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Subaru XV 2018 Road Test

Designed, developed and engineered to have a far broader appeal than the original XV, the new small Subaru SUV is all-new from the ground up - not that you can tell. In fact, it's only when parked beside the old model it's possible to spot the changes. 

Despite not a single body panel shared, it's only side-by-side you'll notice that the 2018 Subaru XV is 15mm longer, 20mm wider, with a wheelbase that's been stretched by 30mm, it's a similar story beneath the skin as the XV sits on the same all-new platform that underpins the Impreza.

It's thanks to the latest Subaru architecture that the XV is among the safest family cars - with a five star rating - ever tested by Euro NCAP, that and the addition of the car maker's EyeSight driver assistance tech. Under the bonnet, buyers get the choice of either a 114PS 1.6-litre or a more powerful 156PS 2.0-litre – both are petrol, a diesel will not even be offered as the tide turns against the fuel in Europe.

Curiously, a six-speed manual transmission is also absent, despite being offered in other markets. Instead both engines come with a continuously variable transmission (CVT). All models also get standard all-wheel drive which is, Subaru says, fast becoming a unique selling point for small crossovers as most of its rivals are now sold with front-wheel drive. Featuring torque vectoring tech and the X-Mode system lifted from the Forester SUV, the second-gen XV now uses electronics to boost low-speed off-road capability.

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Inside the XV, it's another case of quiet evolution over the previous car's cabin. In fact, you'd have to be an owner of the old model to really appreciate the leap forward in quality and design. Both the eight -inch infotainment system and the wide 4.3-inch info panel above it are clearer and easier to read and have been updated to work with Apple CarPlay and Android Auto.

Up front it's easier now to find a comfortable driving position while in the rear, occupants have both more leg and head room. Boot space, meanwhile, is decent (for the class) at 385-litres but slightly thwarted by a high boot lip. Comfort, refinement and improving the way the XV drives is what engineers developing the small crossover strived for and, thanks to the stiffer, more rigid platform and body, the XV is a big improvement over the old car.

The steering, for example, is more responsive and there's less body-roll through corners. The small XV is also engaging and resists the urge to push-on into understeer on slow bends. Ride quality too, is better than the old car, although the 2.0-litre riding on the 18-inch wheels (the 1.6 gets small 17-inch alloys) is still on the firm side but it's no deal breaker.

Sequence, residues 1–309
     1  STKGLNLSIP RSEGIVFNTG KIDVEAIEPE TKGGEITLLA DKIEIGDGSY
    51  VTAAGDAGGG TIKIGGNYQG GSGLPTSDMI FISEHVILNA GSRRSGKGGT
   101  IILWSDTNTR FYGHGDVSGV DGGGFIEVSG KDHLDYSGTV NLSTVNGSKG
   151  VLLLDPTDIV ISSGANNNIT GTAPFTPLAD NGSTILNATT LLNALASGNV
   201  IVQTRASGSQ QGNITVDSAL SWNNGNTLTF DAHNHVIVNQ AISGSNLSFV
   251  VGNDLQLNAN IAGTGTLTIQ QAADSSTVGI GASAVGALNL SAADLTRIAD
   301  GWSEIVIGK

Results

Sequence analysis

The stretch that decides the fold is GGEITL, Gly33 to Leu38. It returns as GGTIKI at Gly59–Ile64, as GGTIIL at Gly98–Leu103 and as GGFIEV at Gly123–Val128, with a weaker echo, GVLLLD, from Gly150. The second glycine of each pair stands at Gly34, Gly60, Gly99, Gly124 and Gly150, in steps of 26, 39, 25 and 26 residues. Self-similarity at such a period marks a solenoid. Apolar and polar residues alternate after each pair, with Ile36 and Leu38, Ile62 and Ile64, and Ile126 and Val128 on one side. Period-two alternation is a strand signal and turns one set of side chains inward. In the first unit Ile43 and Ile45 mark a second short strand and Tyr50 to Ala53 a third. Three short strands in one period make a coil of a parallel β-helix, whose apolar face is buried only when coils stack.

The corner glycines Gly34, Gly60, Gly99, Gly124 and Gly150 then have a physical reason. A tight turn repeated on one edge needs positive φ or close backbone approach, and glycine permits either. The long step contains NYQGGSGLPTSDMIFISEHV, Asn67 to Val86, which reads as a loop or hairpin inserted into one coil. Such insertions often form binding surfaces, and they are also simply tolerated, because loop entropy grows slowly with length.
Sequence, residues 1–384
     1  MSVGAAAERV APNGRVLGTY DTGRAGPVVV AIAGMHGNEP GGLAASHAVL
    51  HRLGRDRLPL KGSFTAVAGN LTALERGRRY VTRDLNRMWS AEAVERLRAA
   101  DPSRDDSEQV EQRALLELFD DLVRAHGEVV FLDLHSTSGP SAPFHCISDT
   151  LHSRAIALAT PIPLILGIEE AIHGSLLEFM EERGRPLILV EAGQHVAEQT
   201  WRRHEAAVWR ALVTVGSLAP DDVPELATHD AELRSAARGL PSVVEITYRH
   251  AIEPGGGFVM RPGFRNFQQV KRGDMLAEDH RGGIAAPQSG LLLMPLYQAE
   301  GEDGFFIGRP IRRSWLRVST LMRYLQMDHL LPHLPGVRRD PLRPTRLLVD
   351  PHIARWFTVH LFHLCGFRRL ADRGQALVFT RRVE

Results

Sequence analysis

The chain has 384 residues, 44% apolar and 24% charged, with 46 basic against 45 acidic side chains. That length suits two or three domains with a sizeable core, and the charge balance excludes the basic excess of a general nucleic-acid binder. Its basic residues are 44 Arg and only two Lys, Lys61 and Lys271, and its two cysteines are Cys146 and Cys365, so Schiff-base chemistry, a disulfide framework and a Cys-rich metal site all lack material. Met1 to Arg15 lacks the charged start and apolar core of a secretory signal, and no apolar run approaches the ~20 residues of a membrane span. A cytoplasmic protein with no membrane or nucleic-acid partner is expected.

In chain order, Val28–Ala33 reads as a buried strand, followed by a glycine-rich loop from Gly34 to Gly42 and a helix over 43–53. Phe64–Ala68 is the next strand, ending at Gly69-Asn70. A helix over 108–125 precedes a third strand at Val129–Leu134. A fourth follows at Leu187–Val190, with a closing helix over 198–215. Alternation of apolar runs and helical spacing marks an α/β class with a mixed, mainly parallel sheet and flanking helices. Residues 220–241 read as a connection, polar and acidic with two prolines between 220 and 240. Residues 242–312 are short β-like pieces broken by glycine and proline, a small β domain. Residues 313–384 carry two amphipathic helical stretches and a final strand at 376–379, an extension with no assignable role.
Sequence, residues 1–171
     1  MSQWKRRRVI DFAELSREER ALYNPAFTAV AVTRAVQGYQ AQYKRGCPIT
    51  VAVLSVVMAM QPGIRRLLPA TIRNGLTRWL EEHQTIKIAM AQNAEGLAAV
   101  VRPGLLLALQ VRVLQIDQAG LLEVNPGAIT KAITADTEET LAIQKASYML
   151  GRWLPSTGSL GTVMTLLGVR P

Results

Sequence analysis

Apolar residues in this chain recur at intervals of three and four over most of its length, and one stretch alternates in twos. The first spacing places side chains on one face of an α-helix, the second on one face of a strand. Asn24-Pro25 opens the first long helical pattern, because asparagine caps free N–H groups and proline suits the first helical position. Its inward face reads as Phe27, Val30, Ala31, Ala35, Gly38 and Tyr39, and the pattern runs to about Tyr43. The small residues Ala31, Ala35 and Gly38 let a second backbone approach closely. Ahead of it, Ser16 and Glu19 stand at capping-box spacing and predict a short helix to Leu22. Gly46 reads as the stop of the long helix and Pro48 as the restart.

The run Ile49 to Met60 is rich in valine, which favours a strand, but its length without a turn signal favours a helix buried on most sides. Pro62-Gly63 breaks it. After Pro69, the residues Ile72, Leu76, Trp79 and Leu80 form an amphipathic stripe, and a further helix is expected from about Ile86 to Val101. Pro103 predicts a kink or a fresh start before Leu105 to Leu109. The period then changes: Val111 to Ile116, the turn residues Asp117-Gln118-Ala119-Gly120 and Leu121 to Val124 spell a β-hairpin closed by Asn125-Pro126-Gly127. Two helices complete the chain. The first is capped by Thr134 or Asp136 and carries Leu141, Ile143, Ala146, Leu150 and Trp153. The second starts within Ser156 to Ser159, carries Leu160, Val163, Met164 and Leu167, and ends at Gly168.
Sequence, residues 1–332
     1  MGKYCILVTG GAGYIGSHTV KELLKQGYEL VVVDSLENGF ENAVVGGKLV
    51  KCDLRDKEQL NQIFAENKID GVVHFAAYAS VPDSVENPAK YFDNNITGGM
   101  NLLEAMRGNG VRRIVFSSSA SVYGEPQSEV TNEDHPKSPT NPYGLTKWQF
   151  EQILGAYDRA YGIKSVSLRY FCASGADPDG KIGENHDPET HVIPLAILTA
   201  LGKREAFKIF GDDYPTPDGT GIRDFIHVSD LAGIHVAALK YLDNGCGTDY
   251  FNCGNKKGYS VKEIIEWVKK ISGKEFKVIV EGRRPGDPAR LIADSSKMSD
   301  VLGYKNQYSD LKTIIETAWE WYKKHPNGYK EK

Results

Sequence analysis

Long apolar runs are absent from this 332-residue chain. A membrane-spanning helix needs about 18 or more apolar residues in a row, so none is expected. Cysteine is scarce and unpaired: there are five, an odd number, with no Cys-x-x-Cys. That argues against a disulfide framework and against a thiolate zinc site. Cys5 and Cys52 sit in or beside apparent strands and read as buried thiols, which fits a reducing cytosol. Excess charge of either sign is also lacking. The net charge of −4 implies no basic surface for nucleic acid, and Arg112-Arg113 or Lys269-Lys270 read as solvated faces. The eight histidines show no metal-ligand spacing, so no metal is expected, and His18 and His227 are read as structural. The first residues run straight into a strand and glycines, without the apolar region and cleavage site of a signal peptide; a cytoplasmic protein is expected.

Where the XV is let down is with its powertrain. Despite producing a healthy 156PS, the 2.0-litre needs to be worked to extract its performance (0-62mph in 10.4 seconds) compared to a diesel that has more pulling power lower in the rev range. In the past, we would have side-lined the XV for its CVT transmission, but the latest development of the CVT 'box is no longer the obstacle to driving pleasure as it once was. 

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It's smooth and does the best to help extract the most out of the slightly breathless 2.0-litre that can also get a little too vocal at high revs for our liking - long gone is the characterful off-beat soundtrack. Helping with overtakes, drivers can also use the wheel-mounted gearshift paddles to keep the engine on the 'boil'.

We also tried the compact 114PS 1.6-litre that takes a tedious 13.9 seconds to reach 62mph. On country roads it has to be worked very hard making the 2.0-litre the better match, especially since the 1.6 can only averages at an advertised 44.1mpg compared to the larger engine's official 40.9mpg.

As part of our drive, we also were given the chance to drive the XV off-road in wintery conditions where the small Subaru excelled. With exactly the same ground clearance as a Forester, thanks to the permanent all-wheel drive and X-Mode electronics the small XV is confidence inspiring and difficult to get stuck, offering more than enough traction in thick snow (on winter tyres) for even the most remote countryside dwellers.

With pricing kicking off at £24,995 for the entry-level XV 1.6i SE, Subaru will have its work cut out in an increasingly crowded segment against all-new rivals like the Skoda Karoq that offers more performance from its 150PS 1.5-litre turbo petrol, similar tech and spec for more than £2000 less. Despite the price premium the Subaru remains a likeable, capable car worthy for consideration. 

The Subaru XV is on sale late January 2018.

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